Last week beautiful Henley-on-Thames in Oxfordshire hosted the Henley Royal Regatta, arguably one of the most famous rowing events in the world. As long as the weather is ok it is a stunning event and, followed by The Henley Festival, it should definitely be on any ‘to-do’ list.
But I’m not here to talk about rowing, I know nothing about it. I am going to get you excited about an open-water swimming event that shares the same course as the regatta.
In 2004 keen athletes Tom Kean and Jeremy Laming decided that it would be an awesome idea to swim the regatta course. The 2.1km stretch of The Thames is set up for the rowers weeks before regatta starts and there is a constant stream of river traffic throughout the day. Not ideal conditions for swimmers, they just aren’t seen very easily. So, it was decided that dawn was the best time to swim it, and dawn is 4am in July.
It was pretty cool, as you can imagine. Some stunning pictures were taken and lots of hype spread around the town, which meant that the following year there were 20 swimmers gathering to take on the course. Each year it got more popular, so much so that in 2008 it was made an official event and named The Henley Classic.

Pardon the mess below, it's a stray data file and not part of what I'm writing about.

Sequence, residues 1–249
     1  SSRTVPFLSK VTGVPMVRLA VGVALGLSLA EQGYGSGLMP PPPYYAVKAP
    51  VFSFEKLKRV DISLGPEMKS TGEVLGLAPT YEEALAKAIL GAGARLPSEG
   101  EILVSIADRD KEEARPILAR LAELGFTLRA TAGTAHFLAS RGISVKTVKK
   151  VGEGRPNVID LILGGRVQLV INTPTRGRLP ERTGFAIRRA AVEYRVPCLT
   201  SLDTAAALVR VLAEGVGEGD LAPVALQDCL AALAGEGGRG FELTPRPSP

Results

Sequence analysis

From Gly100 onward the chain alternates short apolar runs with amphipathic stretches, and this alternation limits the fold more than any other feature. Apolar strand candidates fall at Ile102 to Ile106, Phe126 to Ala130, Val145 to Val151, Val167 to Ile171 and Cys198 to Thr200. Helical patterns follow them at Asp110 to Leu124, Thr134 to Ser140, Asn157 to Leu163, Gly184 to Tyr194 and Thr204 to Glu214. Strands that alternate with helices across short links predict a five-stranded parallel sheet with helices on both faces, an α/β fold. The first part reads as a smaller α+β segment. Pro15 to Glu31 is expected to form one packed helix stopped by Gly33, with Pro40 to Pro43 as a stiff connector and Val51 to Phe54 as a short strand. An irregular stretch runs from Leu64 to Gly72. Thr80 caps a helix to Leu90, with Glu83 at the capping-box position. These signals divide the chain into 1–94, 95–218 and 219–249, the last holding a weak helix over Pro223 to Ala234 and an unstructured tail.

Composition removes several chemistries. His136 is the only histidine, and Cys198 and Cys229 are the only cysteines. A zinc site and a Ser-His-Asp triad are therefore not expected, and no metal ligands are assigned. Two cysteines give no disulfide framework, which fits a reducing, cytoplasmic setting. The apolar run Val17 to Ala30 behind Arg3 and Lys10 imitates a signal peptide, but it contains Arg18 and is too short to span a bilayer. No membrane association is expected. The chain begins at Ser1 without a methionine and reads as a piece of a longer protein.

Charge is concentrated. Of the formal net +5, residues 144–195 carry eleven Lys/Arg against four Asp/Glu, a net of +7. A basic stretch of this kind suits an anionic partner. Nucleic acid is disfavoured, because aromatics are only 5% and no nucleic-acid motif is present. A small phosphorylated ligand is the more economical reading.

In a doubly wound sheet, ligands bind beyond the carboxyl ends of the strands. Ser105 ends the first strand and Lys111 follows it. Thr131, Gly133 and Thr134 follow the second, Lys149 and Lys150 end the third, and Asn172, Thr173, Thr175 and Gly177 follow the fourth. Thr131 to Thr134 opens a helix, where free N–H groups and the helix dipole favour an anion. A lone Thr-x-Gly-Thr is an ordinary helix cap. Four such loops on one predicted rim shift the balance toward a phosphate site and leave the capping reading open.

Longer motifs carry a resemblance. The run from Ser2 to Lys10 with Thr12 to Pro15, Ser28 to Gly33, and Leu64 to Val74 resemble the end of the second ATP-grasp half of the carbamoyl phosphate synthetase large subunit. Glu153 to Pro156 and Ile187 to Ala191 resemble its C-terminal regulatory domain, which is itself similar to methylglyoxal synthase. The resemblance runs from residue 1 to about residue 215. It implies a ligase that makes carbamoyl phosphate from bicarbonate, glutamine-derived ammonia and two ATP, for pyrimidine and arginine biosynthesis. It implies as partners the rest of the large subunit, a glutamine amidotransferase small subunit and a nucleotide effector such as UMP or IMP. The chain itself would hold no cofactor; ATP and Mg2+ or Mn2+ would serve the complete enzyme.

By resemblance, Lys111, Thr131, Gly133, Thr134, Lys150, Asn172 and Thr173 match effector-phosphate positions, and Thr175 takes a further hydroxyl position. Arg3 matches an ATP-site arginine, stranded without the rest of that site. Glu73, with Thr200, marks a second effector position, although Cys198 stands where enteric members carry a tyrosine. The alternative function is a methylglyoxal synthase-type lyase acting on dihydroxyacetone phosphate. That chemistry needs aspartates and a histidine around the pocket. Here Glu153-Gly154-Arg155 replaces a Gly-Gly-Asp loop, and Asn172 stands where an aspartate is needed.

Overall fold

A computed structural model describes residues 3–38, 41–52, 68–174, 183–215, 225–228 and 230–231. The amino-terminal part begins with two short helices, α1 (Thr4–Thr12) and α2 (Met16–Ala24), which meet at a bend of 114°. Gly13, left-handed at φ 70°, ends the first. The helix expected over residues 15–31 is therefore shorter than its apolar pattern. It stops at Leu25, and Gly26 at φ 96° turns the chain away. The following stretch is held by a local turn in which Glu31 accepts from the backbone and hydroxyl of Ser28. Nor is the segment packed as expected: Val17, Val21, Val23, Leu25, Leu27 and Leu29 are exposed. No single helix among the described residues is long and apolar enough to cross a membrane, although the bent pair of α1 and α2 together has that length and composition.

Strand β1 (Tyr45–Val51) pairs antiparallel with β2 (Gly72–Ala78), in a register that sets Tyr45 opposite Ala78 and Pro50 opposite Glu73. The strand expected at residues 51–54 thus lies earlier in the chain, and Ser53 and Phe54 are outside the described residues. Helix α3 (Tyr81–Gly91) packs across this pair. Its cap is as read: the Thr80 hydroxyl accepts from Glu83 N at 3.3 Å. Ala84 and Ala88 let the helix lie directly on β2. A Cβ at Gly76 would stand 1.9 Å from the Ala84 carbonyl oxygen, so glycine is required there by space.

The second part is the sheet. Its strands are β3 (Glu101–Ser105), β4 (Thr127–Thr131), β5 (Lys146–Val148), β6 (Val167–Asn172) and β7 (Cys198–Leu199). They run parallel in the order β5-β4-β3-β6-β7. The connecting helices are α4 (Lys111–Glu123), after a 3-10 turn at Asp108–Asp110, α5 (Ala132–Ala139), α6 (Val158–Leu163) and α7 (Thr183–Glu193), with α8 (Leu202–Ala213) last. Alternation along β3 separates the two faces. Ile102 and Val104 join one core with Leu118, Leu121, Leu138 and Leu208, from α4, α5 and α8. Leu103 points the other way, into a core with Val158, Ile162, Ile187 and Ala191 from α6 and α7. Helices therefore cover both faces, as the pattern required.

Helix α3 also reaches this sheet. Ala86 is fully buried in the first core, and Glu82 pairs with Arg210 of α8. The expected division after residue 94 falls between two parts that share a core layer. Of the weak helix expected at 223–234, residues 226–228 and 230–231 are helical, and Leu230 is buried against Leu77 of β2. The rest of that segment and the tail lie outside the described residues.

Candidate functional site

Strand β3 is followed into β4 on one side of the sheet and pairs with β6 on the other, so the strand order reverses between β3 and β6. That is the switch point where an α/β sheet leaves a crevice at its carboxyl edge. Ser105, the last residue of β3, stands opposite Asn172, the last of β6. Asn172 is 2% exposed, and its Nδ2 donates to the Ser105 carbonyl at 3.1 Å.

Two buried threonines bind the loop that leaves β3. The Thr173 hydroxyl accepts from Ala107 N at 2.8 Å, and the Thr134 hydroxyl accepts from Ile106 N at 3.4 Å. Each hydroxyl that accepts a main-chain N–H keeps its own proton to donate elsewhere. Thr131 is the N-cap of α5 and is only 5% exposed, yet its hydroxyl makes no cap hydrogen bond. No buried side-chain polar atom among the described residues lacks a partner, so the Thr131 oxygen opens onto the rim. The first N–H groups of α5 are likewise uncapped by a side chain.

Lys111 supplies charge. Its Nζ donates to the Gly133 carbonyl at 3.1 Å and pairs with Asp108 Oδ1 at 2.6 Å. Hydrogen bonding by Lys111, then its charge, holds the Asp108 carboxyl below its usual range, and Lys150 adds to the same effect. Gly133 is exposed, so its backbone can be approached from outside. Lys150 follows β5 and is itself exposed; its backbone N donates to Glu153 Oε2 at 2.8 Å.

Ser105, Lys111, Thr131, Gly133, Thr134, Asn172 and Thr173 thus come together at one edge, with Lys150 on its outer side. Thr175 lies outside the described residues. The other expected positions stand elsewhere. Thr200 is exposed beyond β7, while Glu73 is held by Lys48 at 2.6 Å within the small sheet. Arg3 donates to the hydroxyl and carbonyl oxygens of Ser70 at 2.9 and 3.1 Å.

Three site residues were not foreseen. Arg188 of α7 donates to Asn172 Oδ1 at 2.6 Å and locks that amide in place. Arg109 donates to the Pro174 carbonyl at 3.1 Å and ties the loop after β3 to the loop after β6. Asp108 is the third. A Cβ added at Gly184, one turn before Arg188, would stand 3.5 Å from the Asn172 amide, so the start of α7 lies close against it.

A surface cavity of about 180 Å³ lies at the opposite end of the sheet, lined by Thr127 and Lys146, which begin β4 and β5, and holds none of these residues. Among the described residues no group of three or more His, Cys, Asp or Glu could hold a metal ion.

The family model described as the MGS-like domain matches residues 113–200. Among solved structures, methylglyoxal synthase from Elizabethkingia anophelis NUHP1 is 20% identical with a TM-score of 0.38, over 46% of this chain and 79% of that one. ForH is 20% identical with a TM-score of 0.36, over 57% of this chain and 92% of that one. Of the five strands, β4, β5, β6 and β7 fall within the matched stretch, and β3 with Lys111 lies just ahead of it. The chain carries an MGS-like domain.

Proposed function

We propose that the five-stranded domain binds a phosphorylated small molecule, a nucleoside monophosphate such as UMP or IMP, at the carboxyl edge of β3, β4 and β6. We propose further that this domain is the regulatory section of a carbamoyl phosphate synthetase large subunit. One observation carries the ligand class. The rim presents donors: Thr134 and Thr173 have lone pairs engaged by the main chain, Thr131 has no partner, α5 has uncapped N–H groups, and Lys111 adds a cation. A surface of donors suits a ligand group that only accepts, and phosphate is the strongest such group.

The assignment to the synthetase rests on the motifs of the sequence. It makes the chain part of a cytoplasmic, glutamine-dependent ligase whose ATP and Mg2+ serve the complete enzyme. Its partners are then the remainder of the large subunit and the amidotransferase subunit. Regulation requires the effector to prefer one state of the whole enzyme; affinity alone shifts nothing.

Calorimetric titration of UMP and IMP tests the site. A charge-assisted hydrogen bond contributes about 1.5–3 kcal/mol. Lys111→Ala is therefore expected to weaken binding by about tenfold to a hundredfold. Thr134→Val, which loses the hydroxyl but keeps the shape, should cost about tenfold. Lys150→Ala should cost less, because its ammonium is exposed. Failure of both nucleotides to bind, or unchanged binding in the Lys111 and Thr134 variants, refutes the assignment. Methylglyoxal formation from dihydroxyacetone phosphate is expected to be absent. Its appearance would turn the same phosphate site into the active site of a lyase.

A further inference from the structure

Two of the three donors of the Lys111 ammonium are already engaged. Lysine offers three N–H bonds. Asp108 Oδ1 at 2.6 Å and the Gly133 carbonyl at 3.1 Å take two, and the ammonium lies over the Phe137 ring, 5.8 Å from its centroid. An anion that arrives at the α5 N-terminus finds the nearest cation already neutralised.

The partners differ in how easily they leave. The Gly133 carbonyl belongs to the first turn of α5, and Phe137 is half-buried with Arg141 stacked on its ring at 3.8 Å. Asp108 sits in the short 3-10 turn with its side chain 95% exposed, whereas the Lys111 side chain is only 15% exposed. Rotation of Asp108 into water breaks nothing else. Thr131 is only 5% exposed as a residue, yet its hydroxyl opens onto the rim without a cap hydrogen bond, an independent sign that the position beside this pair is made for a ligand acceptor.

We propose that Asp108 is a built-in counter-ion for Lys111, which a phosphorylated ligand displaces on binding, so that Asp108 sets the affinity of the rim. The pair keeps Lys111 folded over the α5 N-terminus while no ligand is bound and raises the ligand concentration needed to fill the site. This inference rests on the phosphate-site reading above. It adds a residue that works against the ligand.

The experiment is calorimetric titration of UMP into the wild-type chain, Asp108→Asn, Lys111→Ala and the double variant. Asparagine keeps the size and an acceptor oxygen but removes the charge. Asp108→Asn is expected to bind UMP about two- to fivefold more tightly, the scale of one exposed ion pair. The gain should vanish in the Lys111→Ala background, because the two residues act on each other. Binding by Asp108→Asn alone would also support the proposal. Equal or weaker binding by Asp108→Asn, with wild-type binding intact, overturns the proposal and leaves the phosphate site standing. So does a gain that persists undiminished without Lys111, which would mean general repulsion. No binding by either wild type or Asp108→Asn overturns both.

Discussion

The swimmers, like the rowers, travel upstream from Temple Island towards the town of Henley and you come out just before Henley Bridge. Upstream means that you don’t get away with anything. Even when there has been very little rain, like this year, you are still drifting away from the start line while waiting for the gun to go off.
The beauty of this event and the reason that you can all put it at the top of your athletic bucket list (before sipping Pimm’s and watching the rowing) is that the organisers have cleverly made separate waves for differing abilities. Open-water starts are horrendous places to be unless you are super-fast from the get-go. It’s like going into battle. It’s known as the ‘washing machine’ and you get a real bashing. But with The Henley Classic you could have a go and enter yourself into the first wave created just for beginners and slower swimmers. Quite civilised really.
The event is hugely popular now with almost 700 competitors this year and the standard is high and competitive. The times that the best were posting last week just blew my mind and apparently it was a slow year. Competitors from all over the world are now rocking up and they also have an Oxford/Cambridge varsity swim.
Walking down the towpath before the sun is up, where a green beam of light is angled across the river to mark the start, with no one around apart from people mad enough to get up at 3am to do this, then battle it out in the Thames while spotting Henley in the distance and the regatta tents along the bank is pure magic. Do it.